The Grail Roads, Rob Hindle, Longbarrow Press, 2018, £12.99.
‘This writing has to do with some things I saw, felt & was part of.’
So begins the preface to David Jones’ WW1 masterpiece, In Parenthesis, a book-length poem that recounts Jones’ experiences in the trenches as refracted through a prism of the Matter of Britain, mainly via the writings of the 15th century British author Thomas Malory, and the text of the early Welsh heroic poem Y Gododdin. The book is a document of experience transformed by the power of imagination, ‘the living Power and prime Agent of all human Perception’, to quote Coleridge, a poet Jones admired greatly. The Arthurian materials connect the poet’s experiences to a reality outside of time, the perpetual human project of rendering the unimaginable understandable. It’s not that his infantry are identified with Arthurian knights so much as that they are seen to inhabit the same psychic territory.
In his most recent book, The Grail Roads, Rob Hindle has mapped a similar trajectory but his writing is documentary in a different sense, drawing as it does on the words of soldiers who fought in the same, or similar, trenches as those Jones served in. The book is both a tribute to and an act of recovery of Hindle’s great-grandfather Albert Brown, who died in the north of France in February 1917. Hindle draws on Mallory in quite a different way, explicitly identifying the main figures that move through his book with named Grail questors, Launcelot, Gawain, Bors and Galahad. In some instances, phrases from Malory are folded in to more matter-of-fact passages, as in these stanzas from ‘The Heroism of Galahad’:
Single-handedly seyth the tale
he stormed a machine-gun post
and rescued Percivale
bringing him back to the lines
under constant fire
And he dud many journeyes
and founde many adventures
which he brought all to an ende
It’s interesting to compare a passage from Hindle with one from Jones where the direct subject matter, the infantryman’s relationship with his rifle, overlaps closely:
This is your life you cling to, its oak breech
warmer than any bit of your body.
You hold it two-handed as the soldiery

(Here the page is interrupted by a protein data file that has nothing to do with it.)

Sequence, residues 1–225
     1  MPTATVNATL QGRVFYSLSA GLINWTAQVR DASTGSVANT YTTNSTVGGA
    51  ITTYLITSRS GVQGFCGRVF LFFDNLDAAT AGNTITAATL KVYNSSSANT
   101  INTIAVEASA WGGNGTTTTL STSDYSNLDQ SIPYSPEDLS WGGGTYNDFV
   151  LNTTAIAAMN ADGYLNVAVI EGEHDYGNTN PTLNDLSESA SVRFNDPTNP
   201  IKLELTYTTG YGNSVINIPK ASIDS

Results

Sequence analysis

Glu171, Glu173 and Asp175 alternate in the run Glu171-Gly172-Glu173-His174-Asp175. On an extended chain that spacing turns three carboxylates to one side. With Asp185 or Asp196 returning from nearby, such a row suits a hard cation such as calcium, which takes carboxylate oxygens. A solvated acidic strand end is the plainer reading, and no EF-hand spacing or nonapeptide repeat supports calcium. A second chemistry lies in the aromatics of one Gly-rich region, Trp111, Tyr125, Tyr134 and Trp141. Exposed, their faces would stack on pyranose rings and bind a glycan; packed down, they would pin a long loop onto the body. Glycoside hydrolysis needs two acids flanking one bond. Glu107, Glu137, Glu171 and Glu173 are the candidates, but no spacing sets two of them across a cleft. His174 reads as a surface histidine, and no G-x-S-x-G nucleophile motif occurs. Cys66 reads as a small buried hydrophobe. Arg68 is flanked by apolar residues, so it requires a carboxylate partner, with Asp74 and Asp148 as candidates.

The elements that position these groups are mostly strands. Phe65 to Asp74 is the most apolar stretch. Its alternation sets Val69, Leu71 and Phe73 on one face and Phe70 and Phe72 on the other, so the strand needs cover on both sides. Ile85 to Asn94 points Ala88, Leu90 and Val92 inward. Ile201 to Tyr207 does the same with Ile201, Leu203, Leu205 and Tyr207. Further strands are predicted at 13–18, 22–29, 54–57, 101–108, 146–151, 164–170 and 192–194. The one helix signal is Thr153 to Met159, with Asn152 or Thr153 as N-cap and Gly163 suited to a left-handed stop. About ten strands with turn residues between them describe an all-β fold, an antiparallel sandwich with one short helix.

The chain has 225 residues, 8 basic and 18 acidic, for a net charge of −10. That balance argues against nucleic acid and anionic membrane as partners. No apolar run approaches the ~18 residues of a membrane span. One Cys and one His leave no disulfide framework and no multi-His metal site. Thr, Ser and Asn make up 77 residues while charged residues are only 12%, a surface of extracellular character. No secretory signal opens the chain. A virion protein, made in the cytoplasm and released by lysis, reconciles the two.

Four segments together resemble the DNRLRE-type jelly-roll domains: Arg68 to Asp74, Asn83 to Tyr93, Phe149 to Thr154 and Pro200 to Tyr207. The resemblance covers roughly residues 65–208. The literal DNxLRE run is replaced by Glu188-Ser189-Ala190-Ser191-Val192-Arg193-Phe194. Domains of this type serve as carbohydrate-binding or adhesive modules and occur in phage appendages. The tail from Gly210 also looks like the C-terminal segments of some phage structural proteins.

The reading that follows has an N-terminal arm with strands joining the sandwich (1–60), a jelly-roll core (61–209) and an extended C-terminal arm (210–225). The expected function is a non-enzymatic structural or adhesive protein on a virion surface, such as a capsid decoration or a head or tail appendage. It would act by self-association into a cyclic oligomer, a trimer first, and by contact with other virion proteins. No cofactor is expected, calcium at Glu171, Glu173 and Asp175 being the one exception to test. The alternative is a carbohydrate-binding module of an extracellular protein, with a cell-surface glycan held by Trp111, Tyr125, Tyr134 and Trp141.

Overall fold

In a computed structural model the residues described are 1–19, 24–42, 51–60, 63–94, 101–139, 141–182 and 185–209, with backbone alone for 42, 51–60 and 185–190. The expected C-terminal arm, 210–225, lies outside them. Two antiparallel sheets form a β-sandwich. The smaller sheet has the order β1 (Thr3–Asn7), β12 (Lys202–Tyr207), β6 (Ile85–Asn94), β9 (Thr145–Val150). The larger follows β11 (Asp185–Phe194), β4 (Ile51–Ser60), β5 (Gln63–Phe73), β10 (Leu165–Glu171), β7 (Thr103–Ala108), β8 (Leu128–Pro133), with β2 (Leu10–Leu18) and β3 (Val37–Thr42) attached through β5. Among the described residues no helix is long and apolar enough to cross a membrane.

at Agincourt their swords; and if you fall
you’ll hold still to this familiar
lie a baby gripping the thumb of his mother
It’s difficult with the weight of the rifle.
Leave it–under the oak.
Leave it for a salvage-bloke
let it lie bruised for a monument
dispense the authenticated fragments to the faithful.
It’s the thunder-besom for us
it’s the bright bough borne
it’s the tensioned yew for a Genoese jammed arbalest and a
scarlet square for a mounted mareschal, it’s that county-mob
back to back
Both poets evoke a tradition of soldier/weapon dependency, but Jones opens out to the wider world of myth, the rifle is both beloved and dangerous, it is the golden bough that marks its bearer out as a target, it is to be abandoned when necessary, respectfully abandoned, but dumped nonetheless.
Despite his acknowledged debt to Jones, Hindle is technically if not temperamentally closer to another poet he cites, Edward Thomas. A couple of the pieces in the book are essentially rewrites of Thomas poems; these both nod to the poet’s importance to Hindle and criticise his individualistic, romanticised view of the war.
Compare Thomas’ poem Rain with Hindle’s reworking:
Rain, midnight rain, nothing but the wild rain
On this bleak hut, and solitude, and me
Remembering again that I shall die
And neither hear the rain nor give it thanks
For washing me cleaner than I have been
Since I was born into solitude.
Blessed are the dead that the rain rains upon:
But here I pray that none whom once I loved
Is dying tonight or lying still awake
Solitary, listening to the rain,
Either in pain or thus in sympathy
Helpless among the living and the dead,
Like a cold water among broken reeds,
Myriads of broken reeds all still and stiff,
Like me who have no love which this wild rain
Has not dissolved except the love of death,
If love it be towards what is perfect and
Cannot, the tempest tells me, disappoint.
after Edward Thomas
The poet writes about rain
how it falls upon the dead
and cleans them.
He should have said
it seeps into their skin
and slowly rots them instead.
Hindles’ rejection of the older poet’s fetishization of death via saturation in the pathetic fallacy is of a piece with his similar avoidance of the more exuberantly Arthurian aspects of In Parenthesis and is of a piece with his documentary approach.
Which leaves us with a question; if the lanes and trenches of Northern France are grail roads, what is the grail they lead to? What could it be, given the contrast between trench warfare and the world of Arthurian chivalry?
There is no single answer to this: for some of Hindle’s questors, it seems that the goal is to survive, for others to die a ‘good’ death, still others seem to be in quest of self-knowledge. Towards the end of the book, we discover that Percival is dead, Galahad disappeared, Launcelot retired injured and Bors is back on the front, a landscape transfigured, its wasting needing time to heal:
according to the ma
but on the road in
no town – no ruins even:
just a carcass, collapsed,
picked clean and abandoned
on its fallow plain
to frost and sun.
Hindle’s own grail is, I think, an understanding of history, of a shared past, through the facts of his own family history. On one level, this understanding is the realisation that there is no grail, that the warrior’s role is not to heal the waste land but to lay it to waste in the first instance. In the end, it is the farmer who still now ploughs up an ‘iron harvest’ of WWI detritus every year who has to guide the land back to fertility after the literal and figurative waste of war.